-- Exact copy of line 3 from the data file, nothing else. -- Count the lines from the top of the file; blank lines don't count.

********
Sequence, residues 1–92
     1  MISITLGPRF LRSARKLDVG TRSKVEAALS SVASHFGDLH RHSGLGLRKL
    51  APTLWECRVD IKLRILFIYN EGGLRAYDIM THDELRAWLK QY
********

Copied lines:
    51  APTLWECRVD IKLRILFIYN EGGLRAYDIM THDELRAWLK QY